Rory Staunton, an 11 year old boy of New York, died a painful death that could have been avoided. His story broke my heart as I read each word of his story. As I prepare myself to enter the nursing field next year, I am becoming more acutely aware of how much the smallest details matter when it comes to the health of my patients. I am not a doctor, and nor do I pretend to be, but I question things that do not seem right. I have spoken up as a student many times to other nurses (usually the RN I am shadowing), my clinical instructor, the doctors I am working with, the parents, and the lab results. I don’t question because I pretend to know it all, I question so I can learn. If I don’t get myself immersed in the experiences provided by clinical, then I have failed myself in my education as well as failed my future patients. This story made my stomach hurt and my heart ache as I imagined what it must have been like to be involved in his care. It doesn’t condone what happened, but I am certain those involved have lost a good amount of sleep.
It is not acceptable to shrug it off and say, “These things happen.” Being a medical team member (surgeon, doctor, nurse, CNA, janitor) brings a tremendous level of responsibility and you have to bring your A game, your wits, your integrity, and your thick skin to work with you every single day. If I am being honest, to hear someone is running fever, vomiting, and flush – first thing I think is virus. If we all freaked out every time this happened, our ERs would be packed (more so than they already are)! The cut, though an important clue, doesn’t make me freak out and think the worst. Most of the time, these turn out just fine with a little Tylenol, rest, and fluid. BUT, then you have that 1%. The ones that get overlooked and pushed aside because it is all so common place. In my opinion, the biggest factor here was that the parents kept seeking medical help. That to me is a red flag. Parents know their kids better than anyone. If a parent is alarmed, and the kid looks like hell, something is wrong and the source needs to be identified and treated. As a parent, if your guts say something is wrong, something IS wrong – and don’t stop until you get the answers you need.
Example, last December, my 6 year old was ill. She ran fever and was just tired and whiney. Admittedly, day one, I thought it was a “virus” and treated it with rest, Tylenol, and fluids. The next day, she complained that her “head hurt,” (which is not common at all with her). I noticed a little bit of limited movement in her neck. Instantly, alarms went off in my mind – I knew something was wrong. It’s not because I am a nursing student who has been hitting the books and making A’s – it’s because I am a mother to a child I know very well and my “mom alarms” were sounding. It was an odd hour, so the pediatrician option was out. I told my husband, “I think she has meningitis.” Funny – I had never seen it, and I think I read about it once. He argued that it was probably the flu. I said, “I want to take her to the ER.” He knows when I say ER, that’s the end of discussion, so off we went.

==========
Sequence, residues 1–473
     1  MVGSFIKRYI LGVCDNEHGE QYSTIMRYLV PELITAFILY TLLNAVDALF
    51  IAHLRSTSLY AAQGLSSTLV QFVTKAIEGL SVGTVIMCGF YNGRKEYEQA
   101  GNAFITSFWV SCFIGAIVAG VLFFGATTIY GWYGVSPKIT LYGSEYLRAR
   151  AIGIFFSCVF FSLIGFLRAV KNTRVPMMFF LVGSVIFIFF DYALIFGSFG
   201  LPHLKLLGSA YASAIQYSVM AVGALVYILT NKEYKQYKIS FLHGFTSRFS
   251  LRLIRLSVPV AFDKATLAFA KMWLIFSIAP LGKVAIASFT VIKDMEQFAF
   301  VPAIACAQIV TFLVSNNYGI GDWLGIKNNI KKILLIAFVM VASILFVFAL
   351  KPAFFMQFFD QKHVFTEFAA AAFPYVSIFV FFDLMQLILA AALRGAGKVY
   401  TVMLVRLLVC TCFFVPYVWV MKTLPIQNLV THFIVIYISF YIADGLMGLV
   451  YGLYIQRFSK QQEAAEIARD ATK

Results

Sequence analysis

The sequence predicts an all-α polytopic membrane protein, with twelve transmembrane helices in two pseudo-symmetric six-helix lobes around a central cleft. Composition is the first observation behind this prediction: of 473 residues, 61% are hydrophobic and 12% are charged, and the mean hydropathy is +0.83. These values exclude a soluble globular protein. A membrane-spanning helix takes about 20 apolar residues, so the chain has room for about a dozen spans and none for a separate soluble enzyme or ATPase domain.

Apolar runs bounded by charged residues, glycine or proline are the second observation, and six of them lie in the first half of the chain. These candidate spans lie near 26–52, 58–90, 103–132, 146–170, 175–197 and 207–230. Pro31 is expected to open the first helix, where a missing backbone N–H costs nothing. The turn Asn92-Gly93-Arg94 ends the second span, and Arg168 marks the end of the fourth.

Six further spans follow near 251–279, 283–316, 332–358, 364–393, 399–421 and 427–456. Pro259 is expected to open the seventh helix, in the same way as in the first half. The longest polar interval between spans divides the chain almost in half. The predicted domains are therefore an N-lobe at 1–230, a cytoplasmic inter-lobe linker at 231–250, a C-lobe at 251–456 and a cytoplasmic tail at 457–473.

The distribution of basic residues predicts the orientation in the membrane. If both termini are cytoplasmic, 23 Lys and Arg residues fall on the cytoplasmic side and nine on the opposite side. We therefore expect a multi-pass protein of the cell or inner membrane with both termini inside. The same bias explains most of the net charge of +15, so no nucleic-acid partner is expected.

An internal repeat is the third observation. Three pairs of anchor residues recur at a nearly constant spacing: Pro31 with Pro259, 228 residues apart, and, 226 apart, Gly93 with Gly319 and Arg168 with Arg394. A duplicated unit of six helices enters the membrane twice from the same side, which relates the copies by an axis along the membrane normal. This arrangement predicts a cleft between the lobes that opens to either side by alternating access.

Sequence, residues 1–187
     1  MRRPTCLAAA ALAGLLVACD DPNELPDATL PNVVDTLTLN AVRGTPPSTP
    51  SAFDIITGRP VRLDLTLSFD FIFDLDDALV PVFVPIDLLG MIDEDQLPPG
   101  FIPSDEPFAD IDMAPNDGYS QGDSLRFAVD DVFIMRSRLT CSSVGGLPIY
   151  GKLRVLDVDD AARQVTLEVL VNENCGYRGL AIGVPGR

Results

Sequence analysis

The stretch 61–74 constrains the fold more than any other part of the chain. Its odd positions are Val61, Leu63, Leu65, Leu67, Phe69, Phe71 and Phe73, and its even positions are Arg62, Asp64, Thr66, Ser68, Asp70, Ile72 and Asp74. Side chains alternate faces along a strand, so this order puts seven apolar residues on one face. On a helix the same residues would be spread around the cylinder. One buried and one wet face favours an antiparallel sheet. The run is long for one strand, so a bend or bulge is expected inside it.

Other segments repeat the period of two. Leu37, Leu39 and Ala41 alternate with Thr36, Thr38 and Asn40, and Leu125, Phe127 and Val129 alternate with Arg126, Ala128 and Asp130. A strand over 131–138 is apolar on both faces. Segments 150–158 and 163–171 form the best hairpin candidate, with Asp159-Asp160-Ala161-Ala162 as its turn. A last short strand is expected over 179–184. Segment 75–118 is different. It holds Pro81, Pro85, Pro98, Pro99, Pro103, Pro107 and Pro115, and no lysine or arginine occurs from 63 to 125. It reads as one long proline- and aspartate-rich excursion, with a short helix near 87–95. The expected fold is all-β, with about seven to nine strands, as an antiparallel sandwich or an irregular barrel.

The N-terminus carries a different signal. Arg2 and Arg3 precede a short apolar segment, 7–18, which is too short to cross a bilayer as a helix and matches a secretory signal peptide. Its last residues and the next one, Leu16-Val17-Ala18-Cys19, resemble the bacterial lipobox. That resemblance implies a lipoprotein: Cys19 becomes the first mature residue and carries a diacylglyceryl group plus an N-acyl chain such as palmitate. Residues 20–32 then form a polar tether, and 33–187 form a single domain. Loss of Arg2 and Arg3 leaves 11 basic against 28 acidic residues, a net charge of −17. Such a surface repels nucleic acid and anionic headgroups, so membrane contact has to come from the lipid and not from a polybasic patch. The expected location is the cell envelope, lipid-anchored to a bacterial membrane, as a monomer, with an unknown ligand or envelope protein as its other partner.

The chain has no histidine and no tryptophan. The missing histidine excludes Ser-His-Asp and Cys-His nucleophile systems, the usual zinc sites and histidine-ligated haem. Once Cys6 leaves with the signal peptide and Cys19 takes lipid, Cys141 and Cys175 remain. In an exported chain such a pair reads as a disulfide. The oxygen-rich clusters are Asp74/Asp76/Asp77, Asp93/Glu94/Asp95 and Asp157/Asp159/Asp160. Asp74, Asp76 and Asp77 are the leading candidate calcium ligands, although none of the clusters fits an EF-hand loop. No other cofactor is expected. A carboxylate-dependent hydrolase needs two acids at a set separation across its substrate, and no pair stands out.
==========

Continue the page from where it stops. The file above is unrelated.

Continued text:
I filled out all the paperwork, provided our insurance information, and waited (impatiently). The form read “reason for visit,” so I wrote, “I think my daughter has meningitis.”
We went to the back to finally be greeted by a young ER doctor who literally smirked at my response. “What makes you think she has meningitis?” I went through the list of symptoms. He said, “It looks like the flu to me.” Inside, I was pissed. Oddly, I know the pre-nursing school me would have gone home with her thinking I was insane to ever question the doctor and upset that I spent $200 to find out she had the flu. Instead, I said, “I don’t believe it’s flu, I think it is something far worse, and I want a spinal tap to rule out meningitis.” Of course he went into a speech about how painful they are, risk for infection, etc. I asked for a flu test, but he said they are 50% inaccurate anyway. After a good amount of arguing, he very reluctantly gathered the stuff needed for a spinal tap.